A Review of Equus at the Gielgud
© Rachel Mariner 2007
“What does a person have to do to get sympathy in today’s world? Blind animals?”
-- Mrs Strang, Equus.
At the first night of previews for Equus, the stage was very crowded – sixty members of the audience share the stage with a cast of fourteen, Daniel Radcliffe, Harry Potter, The Harry Potter Movies, Richard Griffiths, The History Boys, and Richard Griffith’s recent weight loss. Through these crowds it was possible to glimpse the point of the play, but hard to glimpse its greatness. The stage was just too crowded.
Schaffer is a great playwright and this is a great play, done well. Equus (like Griffith’s last play, History Boys) premiered in London one year and won the Tony for best play in New York the next. It tells the story of Alan Strang (Radcliffe), a 17-year-old who is in a mental hospital for blinding six horses with a nasty sharp tool and Martin Dysart (Griffiths), the small town child psychiatrist who agrees to treat him.
The play unpacks the story of Alan Strang’s life and ingeniously makes Alan’s horse dalliances inevitable and pitiable. His mother is a devout Christian with a penchant for story-telling, his father is a repressed, angry atheist. Alan is a truly wonderful person, passionate and creative, but the only vocabulary he has to express this magnificence are bible stories from his mother and pictures of horses from his father.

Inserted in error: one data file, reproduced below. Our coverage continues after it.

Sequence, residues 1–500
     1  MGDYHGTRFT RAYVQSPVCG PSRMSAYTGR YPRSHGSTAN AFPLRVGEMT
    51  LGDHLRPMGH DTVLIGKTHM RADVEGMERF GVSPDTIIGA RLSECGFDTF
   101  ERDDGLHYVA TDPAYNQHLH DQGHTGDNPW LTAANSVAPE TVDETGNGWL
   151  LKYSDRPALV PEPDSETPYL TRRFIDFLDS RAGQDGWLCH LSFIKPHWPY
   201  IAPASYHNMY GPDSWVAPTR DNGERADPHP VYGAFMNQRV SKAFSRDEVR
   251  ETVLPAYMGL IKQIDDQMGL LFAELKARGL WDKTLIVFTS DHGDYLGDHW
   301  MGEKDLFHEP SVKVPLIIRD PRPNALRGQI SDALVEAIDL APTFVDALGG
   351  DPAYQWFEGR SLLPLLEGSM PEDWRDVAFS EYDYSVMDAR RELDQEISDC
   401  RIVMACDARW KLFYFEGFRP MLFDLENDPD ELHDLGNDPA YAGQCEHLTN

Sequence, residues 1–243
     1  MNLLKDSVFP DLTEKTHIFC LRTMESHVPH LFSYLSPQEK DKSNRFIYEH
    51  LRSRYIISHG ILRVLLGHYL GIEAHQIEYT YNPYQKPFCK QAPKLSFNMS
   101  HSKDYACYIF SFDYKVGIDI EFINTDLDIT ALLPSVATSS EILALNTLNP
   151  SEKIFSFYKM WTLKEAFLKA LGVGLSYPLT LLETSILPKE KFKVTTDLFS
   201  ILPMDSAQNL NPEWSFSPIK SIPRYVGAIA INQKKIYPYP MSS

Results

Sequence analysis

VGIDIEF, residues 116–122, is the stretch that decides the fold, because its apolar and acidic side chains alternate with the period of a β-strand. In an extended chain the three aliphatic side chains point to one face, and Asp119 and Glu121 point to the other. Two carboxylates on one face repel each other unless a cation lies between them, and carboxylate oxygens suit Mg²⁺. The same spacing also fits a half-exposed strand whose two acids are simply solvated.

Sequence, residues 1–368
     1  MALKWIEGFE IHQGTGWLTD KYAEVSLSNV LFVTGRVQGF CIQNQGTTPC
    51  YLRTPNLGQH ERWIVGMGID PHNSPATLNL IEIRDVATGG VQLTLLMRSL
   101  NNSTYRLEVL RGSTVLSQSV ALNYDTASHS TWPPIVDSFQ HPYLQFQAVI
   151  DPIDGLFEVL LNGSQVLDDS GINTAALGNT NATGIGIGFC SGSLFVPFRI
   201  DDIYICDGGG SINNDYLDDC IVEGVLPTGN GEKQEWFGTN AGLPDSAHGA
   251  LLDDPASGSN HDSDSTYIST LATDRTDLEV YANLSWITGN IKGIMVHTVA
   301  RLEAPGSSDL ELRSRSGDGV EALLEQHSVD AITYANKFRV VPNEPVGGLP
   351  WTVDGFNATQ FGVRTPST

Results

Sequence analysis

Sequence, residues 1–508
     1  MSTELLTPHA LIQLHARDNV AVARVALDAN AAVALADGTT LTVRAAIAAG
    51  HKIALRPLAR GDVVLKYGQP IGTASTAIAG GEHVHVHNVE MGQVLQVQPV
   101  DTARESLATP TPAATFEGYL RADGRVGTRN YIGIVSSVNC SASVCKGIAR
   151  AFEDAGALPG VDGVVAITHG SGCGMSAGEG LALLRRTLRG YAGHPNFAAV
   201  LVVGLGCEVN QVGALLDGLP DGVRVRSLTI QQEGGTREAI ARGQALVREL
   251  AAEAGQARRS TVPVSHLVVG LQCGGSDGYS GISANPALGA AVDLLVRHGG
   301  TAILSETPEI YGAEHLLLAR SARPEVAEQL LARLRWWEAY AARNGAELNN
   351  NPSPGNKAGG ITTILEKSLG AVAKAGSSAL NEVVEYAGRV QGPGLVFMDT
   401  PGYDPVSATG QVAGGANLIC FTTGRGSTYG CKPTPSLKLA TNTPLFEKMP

So Alan forces these limited stories, full of pain and judgment, into his inner world – a world much more compelling and real for him than the outer world-- his lousy day job at an appliance store and his lousy home life, dominated by his parents’ fractious marriage. The supreme and controlling ritual in his inner life is a homoerotic midnight union with the horses whose stables he mucks out on the weekends – the spirit of Equus. The ritual is compelling and compassionately portrayed: it has its own scriptures, stories, canons and rules.
Alan’s vibrant inner life and bleak outer life co-exist uneasily until the night he first explores his sexuality with another person. He has the cute stable maid out on a date. She suggests a porn movie and all goes swimmingly until they run into Alan’s father. Drag. Then the cute stable maid wants to do it in the stables in front of his all-seeing slave-gods, the horses. He has to stop this all-seeing eye. He blinds them. (Yes, Mrs. Strang, he does have to blind animals in order to get sympathy. Thus we have made the world.)
This play illustrates why it is so hard to be a parent. Every dynamic in your life, every nuance of your relationship with your partner, every story you tell your child and, more importantly, every story that you unwittingly act out in front of your child is absorbed by them – it is their prison sentence and their freedom, their most blessed understanding of life and the source of all their confusion. And we don’t know as parents or as shrinks why some stories harden into rules and some don’t. It’s all very complicated.
Alan Strang had no stories other than his mother’s lurid tales of religious martyrdom and his father’s repressive exhortations to diligence and abhorrence of sloth. So these are the stories that snapped together, like magnets, to make a chain of ritual that bound Alan to his only expressions of pleasure. As a mother of a three-year-old, this play made me nervous. I went to see the play last night and tonight I read stories to my kid until my tongue cramped and my voice went hoarse. I want him to have a wide vocabulary for his suffering and his joy.